The objective of tuning rules is to achieve a “tight” control, meaning that the controller responds quickly to changes in setpoints or disturbances without excessive cycling. However, tight control is not always necessary or desirable, especially for level controls. With this in mind, the focus now turns to the expected performance of a tightly tuned loop. Performance is evaluated based on how closely the controlled variable follows the setpoint during setpoint changes and disturbances. Various mathematical criteria have been used to study this problem, such as integral of error (IE), integral of the absolute error (IAE), integral of the error squared (ISE), integral of the absolute error multiplied by time (ITAE), peak error, and others. These studies assume mathematically simple process models and welldefined disturbances, and they present results with three significant figures. However, real processes and disturbances are often more complex and not welldefined mathematically. Despite this, these studies provide helpful generalities, which will be presented.
Consider a scenario where a controller is in manual mode and a disturbance causes the controlled variable to respond, as illustrated in Figure 3.1. The same disturbance is applied when the controller is in automatic mode, as shown in the same figure. The numerical values for the settings provided are indicative only. Now, it’s essential to note that when the loop is tightly tuned, the controlled variable will oscillate with a deviation roughly equal to the deviation that would have occurred without control. This deviation will persist for a little more than units of time, which is approximately equal to two apparent or real dead times. The reason for this is that it takes one dead time for the controller to detect the disturbance and another dead time for it to respond to it.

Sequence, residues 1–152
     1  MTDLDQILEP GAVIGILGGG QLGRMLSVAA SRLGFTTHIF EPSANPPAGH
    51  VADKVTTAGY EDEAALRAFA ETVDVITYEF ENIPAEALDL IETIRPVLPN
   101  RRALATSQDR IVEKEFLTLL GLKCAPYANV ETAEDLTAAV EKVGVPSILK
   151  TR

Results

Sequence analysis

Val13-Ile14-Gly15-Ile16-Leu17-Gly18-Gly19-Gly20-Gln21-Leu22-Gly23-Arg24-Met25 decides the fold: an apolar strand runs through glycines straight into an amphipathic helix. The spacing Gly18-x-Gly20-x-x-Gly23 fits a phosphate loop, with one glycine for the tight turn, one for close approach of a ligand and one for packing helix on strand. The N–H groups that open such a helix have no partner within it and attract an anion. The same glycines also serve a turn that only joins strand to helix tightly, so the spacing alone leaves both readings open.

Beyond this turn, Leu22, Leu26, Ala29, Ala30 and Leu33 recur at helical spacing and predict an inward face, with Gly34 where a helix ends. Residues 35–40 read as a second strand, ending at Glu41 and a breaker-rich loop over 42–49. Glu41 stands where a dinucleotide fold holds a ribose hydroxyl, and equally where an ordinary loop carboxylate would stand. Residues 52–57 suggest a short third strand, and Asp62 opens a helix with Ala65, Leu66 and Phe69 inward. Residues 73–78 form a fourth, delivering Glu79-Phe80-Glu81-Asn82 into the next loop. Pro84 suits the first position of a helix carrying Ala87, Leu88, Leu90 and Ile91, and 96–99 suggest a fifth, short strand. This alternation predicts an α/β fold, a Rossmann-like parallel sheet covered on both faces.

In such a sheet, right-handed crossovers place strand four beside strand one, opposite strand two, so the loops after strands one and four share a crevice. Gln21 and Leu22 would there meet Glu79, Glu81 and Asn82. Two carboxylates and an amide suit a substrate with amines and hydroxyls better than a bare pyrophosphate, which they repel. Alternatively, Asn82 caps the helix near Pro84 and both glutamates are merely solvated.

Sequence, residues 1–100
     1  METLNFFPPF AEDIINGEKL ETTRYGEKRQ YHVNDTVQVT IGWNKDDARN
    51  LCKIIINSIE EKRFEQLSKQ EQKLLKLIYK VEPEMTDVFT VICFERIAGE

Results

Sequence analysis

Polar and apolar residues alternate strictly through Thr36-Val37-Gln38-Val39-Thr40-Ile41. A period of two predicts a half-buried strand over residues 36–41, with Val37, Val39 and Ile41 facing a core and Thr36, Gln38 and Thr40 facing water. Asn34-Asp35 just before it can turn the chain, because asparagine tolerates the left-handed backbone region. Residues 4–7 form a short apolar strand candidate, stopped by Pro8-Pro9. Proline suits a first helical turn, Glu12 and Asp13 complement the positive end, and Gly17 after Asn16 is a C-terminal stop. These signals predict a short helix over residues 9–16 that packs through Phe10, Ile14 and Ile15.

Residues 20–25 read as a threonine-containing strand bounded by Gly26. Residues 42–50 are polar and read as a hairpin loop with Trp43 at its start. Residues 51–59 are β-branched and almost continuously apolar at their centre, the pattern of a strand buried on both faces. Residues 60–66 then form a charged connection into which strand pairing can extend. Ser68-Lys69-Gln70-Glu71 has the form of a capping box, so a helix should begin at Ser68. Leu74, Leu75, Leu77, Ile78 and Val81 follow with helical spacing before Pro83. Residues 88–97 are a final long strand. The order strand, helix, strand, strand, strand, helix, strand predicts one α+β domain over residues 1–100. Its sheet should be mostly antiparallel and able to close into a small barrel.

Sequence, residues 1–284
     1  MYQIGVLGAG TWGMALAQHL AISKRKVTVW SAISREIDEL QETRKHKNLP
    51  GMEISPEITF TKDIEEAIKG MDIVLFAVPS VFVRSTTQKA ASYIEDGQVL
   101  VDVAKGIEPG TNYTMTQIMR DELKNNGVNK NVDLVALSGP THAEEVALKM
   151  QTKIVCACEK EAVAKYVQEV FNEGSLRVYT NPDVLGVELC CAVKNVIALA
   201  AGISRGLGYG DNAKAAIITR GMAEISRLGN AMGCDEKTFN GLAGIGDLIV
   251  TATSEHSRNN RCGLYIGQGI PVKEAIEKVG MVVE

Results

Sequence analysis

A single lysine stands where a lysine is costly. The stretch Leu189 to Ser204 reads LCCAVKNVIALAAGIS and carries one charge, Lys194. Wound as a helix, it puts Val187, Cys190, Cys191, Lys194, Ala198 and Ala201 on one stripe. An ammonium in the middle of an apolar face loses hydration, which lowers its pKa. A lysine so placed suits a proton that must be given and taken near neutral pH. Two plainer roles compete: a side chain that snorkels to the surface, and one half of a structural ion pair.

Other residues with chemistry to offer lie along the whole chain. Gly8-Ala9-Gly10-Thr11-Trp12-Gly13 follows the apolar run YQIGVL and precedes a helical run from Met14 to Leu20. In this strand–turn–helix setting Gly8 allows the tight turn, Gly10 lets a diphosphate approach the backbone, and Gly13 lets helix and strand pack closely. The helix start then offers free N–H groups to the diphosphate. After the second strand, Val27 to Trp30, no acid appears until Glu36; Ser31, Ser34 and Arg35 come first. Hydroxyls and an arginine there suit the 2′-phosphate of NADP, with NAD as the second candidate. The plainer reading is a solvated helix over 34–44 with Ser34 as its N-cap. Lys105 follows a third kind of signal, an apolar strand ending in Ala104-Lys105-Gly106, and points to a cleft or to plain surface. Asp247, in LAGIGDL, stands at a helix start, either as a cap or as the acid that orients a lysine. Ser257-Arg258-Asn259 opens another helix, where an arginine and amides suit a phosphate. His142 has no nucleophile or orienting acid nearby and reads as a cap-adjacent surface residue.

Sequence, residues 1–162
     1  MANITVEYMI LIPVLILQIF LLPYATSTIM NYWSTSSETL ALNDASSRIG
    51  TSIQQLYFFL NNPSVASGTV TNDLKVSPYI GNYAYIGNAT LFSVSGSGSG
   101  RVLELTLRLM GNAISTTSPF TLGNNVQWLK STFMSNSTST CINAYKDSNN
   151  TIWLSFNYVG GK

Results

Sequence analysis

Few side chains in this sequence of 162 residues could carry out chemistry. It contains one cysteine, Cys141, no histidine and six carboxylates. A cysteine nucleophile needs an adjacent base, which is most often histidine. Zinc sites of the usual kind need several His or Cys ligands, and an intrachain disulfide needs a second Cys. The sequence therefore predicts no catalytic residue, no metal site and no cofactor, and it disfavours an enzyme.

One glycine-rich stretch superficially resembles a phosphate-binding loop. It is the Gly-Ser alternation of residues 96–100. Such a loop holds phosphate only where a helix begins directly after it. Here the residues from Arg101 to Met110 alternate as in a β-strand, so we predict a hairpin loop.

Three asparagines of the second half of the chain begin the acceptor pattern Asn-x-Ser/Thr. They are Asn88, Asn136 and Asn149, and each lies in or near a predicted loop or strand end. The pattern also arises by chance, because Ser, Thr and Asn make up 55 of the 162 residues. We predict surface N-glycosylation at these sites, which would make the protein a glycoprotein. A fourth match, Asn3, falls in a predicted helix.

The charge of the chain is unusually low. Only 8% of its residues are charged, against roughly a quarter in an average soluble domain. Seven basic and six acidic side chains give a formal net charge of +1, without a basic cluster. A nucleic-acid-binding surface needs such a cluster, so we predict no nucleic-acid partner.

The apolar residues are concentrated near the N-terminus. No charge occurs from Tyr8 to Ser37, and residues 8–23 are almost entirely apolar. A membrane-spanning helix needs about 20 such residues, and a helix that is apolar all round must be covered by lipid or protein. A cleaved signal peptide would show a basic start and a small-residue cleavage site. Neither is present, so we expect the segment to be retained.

Therefore, the natural period can be regarded as a metric for rating the loop’s performance in the case mentioned above. All else being equal, a loop with a of one minute will typically perform twice as well as a loop with a of two minutes. This is a simplification, but it encapsulates the core of the concept of performance. In industrial control, we don’t typically worry about deviations from expectations of 10%, 20%, or even 30%. Even getting close within a factor of two is significantly better than many systems can achieve without these ideas. For a single loop, shorter periods are always preferable if minimizing deviation from the setpoint is the objective.
In the case where integral action is incorporated into the system depicted in Figure 3.1, the outcomes shown in Figure 3.2 are obtained. The peak error arises slightly later, and the use of integral action amplifies the propensity to cycle, which occurs at a slightly longer period.
Figure 3.1 [For an upset, increasing gain in a proportionalonly controller reduces the error, and the tendency to cycle is increased. The maximum deviation for a tightly tuned controller occurs at a time slightly longer than .]
A second crucial point to note from the above example is that, if the controller is tightly tuned, the controlled variable will take about time to return to the setpoint. The specific multiplier may vary slightly, but the important idea is that the time to recover is proportional to . Thus, shortening the natural period has the double benefit of reducing both the size and duration of the error. This is a fortunate situation where achieving one desirable outcome leads to the achievement of another.
Figure 3.2 [Integral action restores the controlled variable to the setpoint. Reducing the integral time increases the tendency to cycle, and at a longer period than for proportionalonly control.]
To achieve minimal deviation from the setpoint, shorter natural periods are more desirable for a single loop. The numerical value of the gain is not as significant as the natural period. This is evident in the case of a temperature loop with different transmitter spans, where the ultimate gain may differ by a factor of 100, but the performance remains the same as long as the controller can reach the ultimate gain for stability.
Improvements in performance may result in using a higher gain, but the gain itself does not cause the improvement. Therefore, the natural period, not the gain, is the primary factor that determines the performance of a loop. Performance of a loop is uniquely tied to the natural period and improves as the natural period decreases.